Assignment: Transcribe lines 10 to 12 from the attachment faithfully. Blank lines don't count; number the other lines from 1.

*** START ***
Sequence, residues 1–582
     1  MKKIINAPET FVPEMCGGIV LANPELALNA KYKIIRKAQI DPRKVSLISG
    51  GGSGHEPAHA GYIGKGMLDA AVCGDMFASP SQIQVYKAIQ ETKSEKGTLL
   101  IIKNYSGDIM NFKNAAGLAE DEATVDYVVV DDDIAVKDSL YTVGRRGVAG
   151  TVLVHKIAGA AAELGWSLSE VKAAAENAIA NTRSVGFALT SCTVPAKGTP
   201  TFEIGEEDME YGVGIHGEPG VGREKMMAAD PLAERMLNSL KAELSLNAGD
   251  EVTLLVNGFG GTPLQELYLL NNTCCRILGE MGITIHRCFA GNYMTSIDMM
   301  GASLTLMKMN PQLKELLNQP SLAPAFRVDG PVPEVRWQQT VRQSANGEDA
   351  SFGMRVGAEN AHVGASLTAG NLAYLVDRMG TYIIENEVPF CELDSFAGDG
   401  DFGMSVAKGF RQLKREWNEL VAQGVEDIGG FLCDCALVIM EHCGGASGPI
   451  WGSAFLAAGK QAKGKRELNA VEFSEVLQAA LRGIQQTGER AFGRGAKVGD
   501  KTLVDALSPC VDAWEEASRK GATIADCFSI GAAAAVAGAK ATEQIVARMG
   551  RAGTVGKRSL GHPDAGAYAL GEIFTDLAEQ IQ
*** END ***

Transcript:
   401  DFGMSVAKGF RQLKREWNEL VAQGVEDIGG FLCDCALVIM EHCGGASGPI
   451  WGSAFLAAGK QAKGKRELNA VEFSEVLQAA LRGIQQTGER AFGRGAKVGD
   501  KTLVDALSPC VDAWEEASRK GATIADCFSI GAAAAVAGAK ATEQIVARMG